Cambodian torturer finally faces trial
The torturer-in-chief for Cambodia’s Khmer Rouge regime finally faced trial Tuesday in the first case heard by a UN-backed genocide tribunal into the horrors of the “Killing Fields” 30 years ago.
Kaing Guek Eav, better known by the alias Duch, faces charges of crimes against humanity over his iron-fisted rule at Tuol Sleng prison, where he is accused of presiding over the deaths of 15,000 men, women and children.
He sat solemnly in the dock as hundreds of people turned up to watch the start of proceedings against a key figure in the ultra-communist regime, which killed around two million people in one of the 20th century’s worst atrocities.
“I prayed for dawn as soon as possible so that I could see this trial start,” said artist Vann Nath, one of only about a dozen survivors from the prison, who was put to work painting pro-regime pictures.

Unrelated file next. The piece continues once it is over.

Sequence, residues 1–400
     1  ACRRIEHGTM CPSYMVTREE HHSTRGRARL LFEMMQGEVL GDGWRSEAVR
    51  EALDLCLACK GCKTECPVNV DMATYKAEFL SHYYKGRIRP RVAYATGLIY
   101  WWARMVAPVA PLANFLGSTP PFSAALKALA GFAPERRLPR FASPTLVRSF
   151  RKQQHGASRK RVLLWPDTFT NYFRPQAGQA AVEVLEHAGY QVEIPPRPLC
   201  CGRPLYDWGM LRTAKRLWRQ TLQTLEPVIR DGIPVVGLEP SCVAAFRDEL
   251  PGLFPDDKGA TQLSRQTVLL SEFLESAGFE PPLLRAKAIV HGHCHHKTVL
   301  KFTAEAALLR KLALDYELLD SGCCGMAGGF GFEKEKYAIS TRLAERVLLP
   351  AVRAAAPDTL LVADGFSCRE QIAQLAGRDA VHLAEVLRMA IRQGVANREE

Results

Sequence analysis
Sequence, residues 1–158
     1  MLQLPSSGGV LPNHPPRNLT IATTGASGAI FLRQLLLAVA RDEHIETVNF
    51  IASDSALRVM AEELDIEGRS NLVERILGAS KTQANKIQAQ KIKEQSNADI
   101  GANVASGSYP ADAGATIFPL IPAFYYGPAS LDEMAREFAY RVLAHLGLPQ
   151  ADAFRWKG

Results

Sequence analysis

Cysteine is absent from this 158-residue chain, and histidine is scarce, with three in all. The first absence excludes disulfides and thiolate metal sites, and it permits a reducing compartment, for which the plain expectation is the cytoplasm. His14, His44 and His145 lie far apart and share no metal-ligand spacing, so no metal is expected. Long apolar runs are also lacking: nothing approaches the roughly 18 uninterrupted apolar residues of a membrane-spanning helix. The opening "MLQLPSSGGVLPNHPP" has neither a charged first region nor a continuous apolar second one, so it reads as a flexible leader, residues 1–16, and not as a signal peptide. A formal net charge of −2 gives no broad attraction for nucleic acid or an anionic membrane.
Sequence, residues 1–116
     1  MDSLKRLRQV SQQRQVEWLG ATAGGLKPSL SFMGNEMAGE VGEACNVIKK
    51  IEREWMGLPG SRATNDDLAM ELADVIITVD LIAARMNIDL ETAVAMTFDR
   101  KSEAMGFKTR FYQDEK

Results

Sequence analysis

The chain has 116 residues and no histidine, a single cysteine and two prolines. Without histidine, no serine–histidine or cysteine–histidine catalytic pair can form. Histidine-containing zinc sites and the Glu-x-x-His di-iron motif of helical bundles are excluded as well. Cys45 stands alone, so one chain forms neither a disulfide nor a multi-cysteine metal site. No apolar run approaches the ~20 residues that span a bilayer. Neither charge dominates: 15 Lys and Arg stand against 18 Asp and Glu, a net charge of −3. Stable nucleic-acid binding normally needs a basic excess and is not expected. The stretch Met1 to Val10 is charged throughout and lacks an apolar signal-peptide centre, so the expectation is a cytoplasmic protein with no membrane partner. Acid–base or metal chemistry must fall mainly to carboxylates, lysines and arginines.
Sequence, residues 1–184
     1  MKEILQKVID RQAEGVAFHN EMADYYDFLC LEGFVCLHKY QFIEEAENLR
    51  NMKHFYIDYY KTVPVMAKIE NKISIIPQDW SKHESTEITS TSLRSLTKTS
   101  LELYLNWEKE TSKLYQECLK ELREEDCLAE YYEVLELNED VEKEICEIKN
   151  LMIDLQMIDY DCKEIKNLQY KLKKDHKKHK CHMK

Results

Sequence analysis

Duch Under Duch, a former maths teacher now aged 66, Tuol Sleng was used to extract false confessions from alleged traitors that they were agents of foreign powers including the CIA.
Most inmates were taken from the prison, a former high school, for execution at nearby Choeung Ek, an orchard now known as the “Killing Fields.” Adults were beaten to death with hoes while children’s heads were smashed against trees.
On Tuesday, Duch wore a blue shirt and listened through earphones as the court opened the trial behind a huge bullet-proof screen to prevent revenge attacks by his victims. He did not speak publicly.
RAW STORY has more details here.
(with wire reports)
This video is from ITN, broadcast Feb. 17, 2009.